When Mike Mealiffe and his twin brother, Pat, were growing up in Santa Clara, the twelve-year-old boys were active youngsters. One of the things that they loved was going to the municipal pool. Noticing the athletic abilities of the boys, swim coach George Haines suggested that the Mealiffe twins try out for the team. After talking it over with their parents, Michael and Pat took a shot at it. It was fun, but it was also hard work and took a lot of time. The boys had other ideas for summer fun and oftentimes would go to the pool right after school, dunk their hair in the water to get it wet, and then go play. The reason for that was that their mother would smell their hair when they got home to make sure they had gone to practice, the old chlorine trick. "That didn't last long,"remembers Michael today, "We finally gave in and got serious about it. Whenever we would start to get bored with it, our parents would say if we kept swimming, maybe someday we could be in a movie with Esther Williams. Those were the years that she was making all those swimming pictures. It didn't happen, but it kept us in the pool."
When the Mealiffe family moved to Fresno in 1952, the boys immediately joined the Fresno YMCA swim team which was headed by the legendary Gene Stephens. Michael set many AAU age group and Junior Olympic records in the backstroke. At Fresno High School, the twins swam for Jack Skadden, who was a strict taskmaster, and the boys prepared for school competitions. For the Warriors, Michael was undefeated and he was a member of the Warrior 200-yard medley relay team that set the national high school record in 1959. In 1961, he broke the world record for the 110-yard butterfly. It was a great thrill for Fresno area fans as he did it in the Airways pool and it was the first such record set by a swimmer from Fresno. "It was even more exciting for me because my parents and my twin brother were all there," says Michael. "I credit Gene Stephens, Jack Skadden, and Bud Fisher for enabling Pat and me to both receive swimming scholarships to college," says Michael.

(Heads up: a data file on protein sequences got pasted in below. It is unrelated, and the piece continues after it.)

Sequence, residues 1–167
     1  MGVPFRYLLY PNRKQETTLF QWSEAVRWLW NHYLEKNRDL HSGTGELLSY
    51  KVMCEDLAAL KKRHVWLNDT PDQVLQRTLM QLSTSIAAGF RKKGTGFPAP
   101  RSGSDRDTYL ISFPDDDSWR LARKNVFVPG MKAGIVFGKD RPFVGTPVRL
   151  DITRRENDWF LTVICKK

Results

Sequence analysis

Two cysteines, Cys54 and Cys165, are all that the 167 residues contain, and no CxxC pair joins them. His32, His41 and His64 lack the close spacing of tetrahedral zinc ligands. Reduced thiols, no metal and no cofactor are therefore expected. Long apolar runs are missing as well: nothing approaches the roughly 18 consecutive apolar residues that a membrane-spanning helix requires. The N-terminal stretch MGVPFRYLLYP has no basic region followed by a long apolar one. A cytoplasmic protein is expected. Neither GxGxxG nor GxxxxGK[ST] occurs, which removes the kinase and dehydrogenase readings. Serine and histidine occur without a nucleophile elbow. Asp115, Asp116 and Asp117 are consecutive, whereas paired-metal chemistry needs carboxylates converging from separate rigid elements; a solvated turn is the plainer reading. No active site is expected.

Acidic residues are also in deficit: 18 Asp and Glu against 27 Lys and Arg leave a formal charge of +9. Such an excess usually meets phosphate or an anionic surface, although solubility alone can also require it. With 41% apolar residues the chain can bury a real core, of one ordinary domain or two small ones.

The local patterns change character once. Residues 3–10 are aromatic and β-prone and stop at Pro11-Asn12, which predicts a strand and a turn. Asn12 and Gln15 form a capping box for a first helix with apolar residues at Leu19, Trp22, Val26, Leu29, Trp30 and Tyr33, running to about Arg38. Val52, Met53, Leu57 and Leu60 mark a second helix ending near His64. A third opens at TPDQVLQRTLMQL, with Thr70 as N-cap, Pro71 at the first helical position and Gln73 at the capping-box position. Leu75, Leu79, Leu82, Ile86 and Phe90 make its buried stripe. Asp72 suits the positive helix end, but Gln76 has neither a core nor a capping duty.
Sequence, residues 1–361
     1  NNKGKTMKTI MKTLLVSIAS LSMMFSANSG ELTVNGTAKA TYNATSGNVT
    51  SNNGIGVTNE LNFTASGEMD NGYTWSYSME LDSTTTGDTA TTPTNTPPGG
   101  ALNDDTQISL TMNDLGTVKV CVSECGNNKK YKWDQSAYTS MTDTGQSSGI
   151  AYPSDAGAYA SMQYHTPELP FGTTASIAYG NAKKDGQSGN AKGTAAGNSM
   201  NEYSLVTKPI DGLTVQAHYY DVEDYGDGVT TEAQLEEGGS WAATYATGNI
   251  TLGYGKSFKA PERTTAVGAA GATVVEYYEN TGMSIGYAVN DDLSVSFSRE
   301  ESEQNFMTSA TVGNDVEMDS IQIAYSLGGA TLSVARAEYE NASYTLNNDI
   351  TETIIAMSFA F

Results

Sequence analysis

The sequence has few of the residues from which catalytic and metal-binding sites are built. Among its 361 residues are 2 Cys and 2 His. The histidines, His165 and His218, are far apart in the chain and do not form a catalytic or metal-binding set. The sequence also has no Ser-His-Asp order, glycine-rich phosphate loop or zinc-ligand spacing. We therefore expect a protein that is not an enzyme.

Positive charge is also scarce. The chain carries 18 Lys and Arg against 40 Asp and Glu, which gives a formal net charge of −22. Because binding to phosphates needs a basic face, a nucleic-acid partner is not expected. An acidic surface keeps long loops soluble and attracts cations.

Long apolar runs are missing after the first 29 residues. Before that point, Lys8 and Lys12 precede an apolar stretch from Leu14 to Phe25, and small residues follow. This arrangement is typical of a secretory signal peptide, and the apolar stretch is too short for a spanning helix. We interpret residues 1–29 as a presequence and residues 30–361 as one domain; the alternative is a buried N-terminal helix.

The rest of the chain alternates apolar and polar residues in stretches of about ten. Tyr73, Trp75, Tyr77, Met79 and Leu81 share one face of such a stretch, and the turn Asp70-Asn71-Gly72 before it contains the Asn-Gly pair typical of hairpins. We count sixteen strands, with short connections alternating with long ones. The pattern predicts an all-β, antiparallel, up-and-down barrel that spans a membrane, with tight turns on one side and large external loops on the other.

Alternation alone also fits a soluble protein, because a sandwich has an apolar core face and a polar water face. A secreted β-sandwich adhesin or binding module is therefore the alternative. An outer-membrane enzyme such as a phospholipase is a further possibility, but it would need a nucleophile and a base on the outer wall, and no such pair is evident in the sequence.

As teenagers, it wasn't long before the twins began to attract attention from many colleges. Among them was USC and coach Peter Daland, who recruited Michacl to come and swim for the Trojans. This choice turned out to be the right one for Michael as he starred at SC and became a three-time All-American starting in1962. He helped the Trojans win the 1963 NCAA Men's Team title by placing second in the 100- and 200-yard butterfly. "My days at USC were amazing," remembers Michael. "Under Peter Daland's coaching, I started swimming the butterfly seriously in addition to backstroke because as he put it,’I need another butterflyer.’ I was swimming with world-class athletes like Murray Rose, Jon Hendricks, and Jon Konrads -all Olympic Swimmers from Australia. It was a heady time and gave me great inspiration."In 1990, Michael returned to swimming competition and as it turned out, he was not through breaking national and world records yet. In 1990, he captured Masters global marks for the 50-54 Age Group in both the 50-meter and 100-meter butterfly. Seven years later, he set the Masters world record for the 55-59 Age Group in the 50-yard butterfly. Michael had to give up competitive swimming due to injury. He is still in great shape and is back in the pool three times a week to kick and walk laps for an hour. "It's great cardio," says Michael. "I tell my friends I have to have chlorine or I'll go through withdrawal." Michael Mealiffe says his favorite accomplishment is raising two children, daughter Shannin and son, Gavin. He also adores his two grandchildren, Brandt and Evan, from Gavin and wife Leah.